This extremely common benign neoplasm of older persons manifests as sharply demarcated raised papules or plaques with a typical pasted-on appearance; lesions occur on the head, trunk, and extremities.
Aka senile keratosis
The characteristic appearance of this low-grade variant of squamous cell carcinoma is of a dome-shaped nodule bearing a central crater filled with keratinaceous material.
This premalignant epidermal lesion is caused by chronic excessive exposure to sunlight.
This disorder is sometimes a marker of visceral malignancy (stomach, lung, breast, uterus) and is often seen in the setting of diabetes and other endocrinopathies.
Acanthosis and hyperpigmentation, most often involving flexural areas, are characteristic.
Small, blood-filled capillaries lined with a single layer of endothelium
Hemangioma chracterized by purple red-area on the face and neck
Port wine stain, a capillary hemangioma
Strawberry hemangioma: bright-red raised lesion
Cherry hemangioma: small, dome-shaped red papule
Large, endothelium-lined spaces in the dermis and subdermis
This disorder involves port-wine stain of the face, ipsilateral glaucoma, vascular lesions of ocular choroidal tissue, and extensive hemangiomatous involvement of meninges.
Clinical manifestations include convulsions, mental retardation, and retinal detachment.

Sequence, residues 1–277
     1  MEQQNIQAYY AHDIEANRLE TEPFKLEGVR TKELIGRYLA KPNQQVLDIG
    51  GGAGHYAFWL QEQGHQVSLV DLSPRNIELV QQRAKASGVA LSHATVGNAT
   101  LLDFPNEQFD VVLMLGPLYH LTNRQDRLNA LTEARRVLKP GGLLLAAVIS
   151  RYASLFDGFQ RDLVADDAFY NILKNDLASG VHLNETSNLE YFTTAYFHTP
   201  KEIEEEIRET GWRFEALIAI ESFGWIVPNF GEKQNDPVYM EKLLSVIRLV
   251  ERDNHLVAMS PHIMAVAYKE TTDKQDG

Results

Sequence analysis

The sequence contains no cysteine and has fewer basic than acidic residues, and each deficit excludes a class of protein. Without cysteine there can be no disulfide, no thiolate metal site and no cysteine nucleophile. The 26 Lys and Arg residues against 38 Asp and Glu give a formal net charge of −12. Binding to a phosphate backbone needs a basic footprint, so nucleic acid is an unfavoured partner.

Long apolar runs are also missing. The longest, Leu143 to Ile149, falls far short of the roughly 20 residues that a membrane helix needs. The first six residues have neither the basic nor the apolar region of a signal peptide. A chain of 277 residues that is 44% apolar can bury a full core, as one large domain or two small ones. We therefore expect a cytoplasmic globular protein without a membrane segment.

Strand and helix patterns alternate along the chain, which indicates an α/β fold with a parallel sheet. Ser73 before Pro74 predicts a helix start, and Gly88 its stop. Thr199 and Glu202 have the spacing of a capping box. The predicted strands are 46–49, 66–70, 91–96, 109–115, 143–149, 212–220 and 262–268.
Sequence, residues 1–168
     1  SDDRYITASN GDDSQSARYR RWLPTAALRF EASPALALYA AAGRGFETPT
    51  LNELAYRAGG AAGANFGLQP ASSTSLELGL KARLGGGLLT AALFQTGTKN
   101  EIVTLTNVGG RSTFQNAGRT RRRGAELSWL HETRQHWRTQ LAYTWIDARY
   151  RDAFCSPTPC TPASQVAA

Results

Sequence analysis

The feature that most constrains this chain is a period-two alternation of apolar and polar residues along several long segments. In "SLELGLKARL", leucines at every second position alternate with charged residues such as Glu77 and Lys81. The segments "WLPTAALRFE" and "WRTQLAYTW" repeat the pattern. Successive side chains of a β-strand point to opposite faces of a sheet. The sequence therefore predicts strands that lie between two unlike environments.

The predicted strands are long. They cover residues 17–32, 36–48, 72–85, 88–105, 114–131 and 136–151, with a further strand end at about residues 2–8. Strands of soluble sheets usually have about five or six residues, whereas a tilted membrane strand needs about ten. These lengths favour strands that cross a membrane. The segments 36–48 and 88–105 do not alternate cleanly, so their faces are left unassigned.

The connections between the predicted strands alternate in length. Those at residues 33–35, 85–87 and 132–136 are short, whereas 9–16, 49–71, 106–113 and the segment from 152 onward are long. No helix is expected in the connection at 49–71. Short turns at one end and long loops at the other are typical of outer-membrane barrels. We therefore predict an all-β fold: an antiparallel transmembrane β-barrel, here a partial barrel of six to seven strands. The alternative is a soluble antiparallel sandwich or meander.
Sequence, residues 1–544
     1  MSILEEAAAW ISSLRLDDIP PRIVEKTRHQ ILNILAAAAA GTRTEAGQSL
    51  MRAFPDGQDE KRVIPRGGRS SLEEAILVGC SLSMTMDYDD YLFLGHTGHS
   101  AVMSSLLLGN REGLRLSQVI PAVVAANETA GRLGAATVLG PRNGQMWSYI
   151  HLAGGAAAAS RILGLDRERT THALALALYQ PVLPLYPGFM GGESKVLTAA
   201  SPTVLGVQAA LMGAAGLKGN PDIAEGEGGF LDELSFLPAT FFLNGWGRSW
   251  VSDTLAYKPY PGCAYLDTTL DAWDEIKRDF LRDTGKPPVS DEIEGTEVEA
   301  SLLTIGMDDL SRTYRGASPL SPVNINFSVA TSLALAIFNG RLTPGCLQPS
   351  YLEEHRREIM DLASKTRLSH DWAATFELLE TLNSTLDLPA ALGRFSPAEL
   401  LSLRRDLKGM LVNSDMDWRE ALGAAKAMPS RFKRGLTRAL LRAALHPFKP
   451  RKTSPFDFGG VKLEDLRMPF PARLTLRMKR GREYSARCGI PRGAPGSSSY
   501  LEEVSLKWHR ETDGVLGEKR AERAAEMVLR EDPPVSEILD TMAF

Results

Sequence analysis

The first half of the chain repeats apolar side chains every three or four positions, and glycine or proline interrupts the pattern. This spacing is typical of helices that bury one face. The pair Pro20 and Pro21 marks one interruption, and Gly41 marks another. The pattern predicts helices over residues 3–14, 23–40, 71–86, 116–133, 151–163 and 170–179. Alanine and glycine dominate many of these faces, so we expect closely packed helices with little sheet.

Skin tumor that frequently originates in a preexisting actinic keratosis.
Squamous cell carcinoma
Skin malignancy that most often presents as a scaling, indurated, ulcerated nodule; invasion of dermis by sheets and islands of neoplastic epidermal cells, often with keratin “pearls,” is characteristic.
Squamous cell carcinoma
Involves usually the LOWER part of the face
BCC- involves the UPPER part of the face
The most common of all malignant skin tumors.
Basal cell carcinoma
Skin tumor that grossly presents as a pearly papule, often with overlying telangiectatic vessels; characterized by clusters of darkly staining basaloid cells with a typical palisade arrangement of the nuclei of the cells at the periphery of the tumor cell clusters
Basal cell carcinoma
The most important prognostic variable for malignant melanoma is
Growth phase of malignant melanoma that occurs in all directions but is predominantly lateral within the epidermis and papillary zone of the dermis.
Radial phase (initial)
Growth phase of malignant melanoma that extends into the reticular dermis or beyond
Vertical (later phase)
Growth phase of malignant melanoma that do not metastasize
Vertical phase - metastasis
Variant of melanoma that develops from preexisting Hutchinson freckle
Lentigo maligna melanoma
The most common of the variants of melanoma.
Superficial spreading melanoma
Variant of melanoma that has the poorest prognosis
begins with the vertical growth phase
Variant of melanoma that most often appears on the hands and feet of dark-skinned persons.
An aggressive neuroendocrine malignancy that typically arises on the head and neck skin of the elderly and grossly appears as a red or violaceous nodule or plaque.
Merkel cell carcinoma